Presenting to a group of teenagers in school is a completely different ballgame to presenting to a group of senior managers within a business. Knowing your audience’s attitudes to attendance and their attitudes towards the subject matter is crucial in shaping your content and delivery. Will they be resistant to any changes you’re suggesting? Are they enthusiastic about the information you have to offer them? How can you make the content appealing to them?
Environment: What are your surroundings?
It’s important to consider the space you will be presenting in. Will the environment impact the audience’s attention span? What distractions may be present? For example, if you’re presenting in the afternoon, audience members may be counting down until it’s time to go home. Perhaps offering breaks during your presentation will be helpful or closing blinds if you’re on the ground floor near a main road. Every space is different, try to make yours as fit for purpose as you can in order to keep your audience focused on you.
Needs: What are the general needs?
What is your audience looking for in your presentation? What key themes are important for you to relay to them? If they only learn a few things from you, what will they be and how can you make these aspects clearest for them.
Customised: What more specific needs are important to this audience?
Each audience is different, and much like the previous discussion under ‘Interest’, knowing the uniqueness of your audience is paramount. Sometimes we provide the same content to different groups within businesses, in schools, or perhaps both. Aside from the key themes of your presentation, what specifics may be most relevant for each audience? Are there any activities or methods that may work better with some groups than others? Be sure to customise your content and delivery to keep it relevant!
Expectations: What do they expect to learn from me?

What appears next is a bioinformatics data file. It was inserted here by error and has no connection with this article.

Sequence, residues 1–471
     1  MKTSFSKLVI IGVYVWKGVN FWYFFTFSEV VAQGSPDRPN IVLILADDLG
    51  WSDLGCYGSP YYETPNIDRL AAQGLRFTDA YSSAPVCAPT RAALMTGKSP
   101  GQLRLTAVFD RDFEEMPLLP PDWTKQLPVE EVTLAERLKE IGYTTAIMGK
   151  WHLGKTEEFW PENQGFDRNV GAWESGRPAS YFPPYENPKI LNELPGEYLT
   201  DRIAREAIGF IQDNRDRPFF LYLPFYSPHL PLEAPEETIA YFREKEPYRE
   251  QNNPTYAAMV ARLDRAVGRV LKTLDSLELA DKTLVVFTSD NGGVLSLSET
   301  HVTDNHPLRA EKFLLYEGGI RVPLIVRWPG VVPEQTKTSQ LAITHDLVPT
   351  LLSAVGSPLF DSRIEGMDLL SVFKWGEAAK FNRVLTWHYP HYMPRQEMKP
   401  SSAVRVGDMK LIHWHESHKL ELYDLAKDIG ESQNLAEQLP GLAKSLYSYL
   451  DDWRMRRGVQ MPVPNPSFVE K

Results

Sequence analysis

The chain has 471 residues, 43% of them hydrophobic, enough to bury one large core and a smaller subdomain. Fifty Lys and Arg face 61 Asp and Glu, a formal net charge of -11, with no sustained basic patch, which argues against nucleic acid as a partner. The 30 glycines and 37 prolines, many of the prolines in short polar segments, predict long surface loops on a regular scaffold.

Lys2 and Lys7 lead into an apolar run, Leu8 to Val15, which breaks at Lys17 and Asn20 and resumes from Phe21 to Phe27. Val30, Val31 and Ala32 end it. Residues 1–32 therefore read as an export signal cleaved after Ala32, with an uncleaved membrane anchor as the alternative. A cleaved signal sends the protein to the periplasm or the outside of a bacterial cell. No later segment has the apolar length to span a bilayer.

Finally, what are your audience looking for from you? For example, if you are presenting a new strategy to people within your business, how can you break it down to ensure you successfully provide all the information that is expected? Particularly if you are dealing with higher ups in your organisation or have been brought in from outside the company.
So, whilst these questions may not be an exhaustive list, answering them before or during your planning will have a positive impact on all elements of your presentation. Understanding your audience helps you to successfully communicate your ideas, whether that’s adapting your delivery to suit them, or taking actions to maintain interest from your audience.
With all of that said… the audience may be a starting point, but they are not the only thing to consider when delivering a presentation. You should also not underestimate the importance of a good structure for your presentation, the technology used to deliver your presentation, and the qualities of an effective public speaker. Trainer Bubble offers an extensive range of resources to help you deliver a successful presentation. Below are a few that we recommend checking out if you or people within your organisation are looking to deliver effective presentations in any form!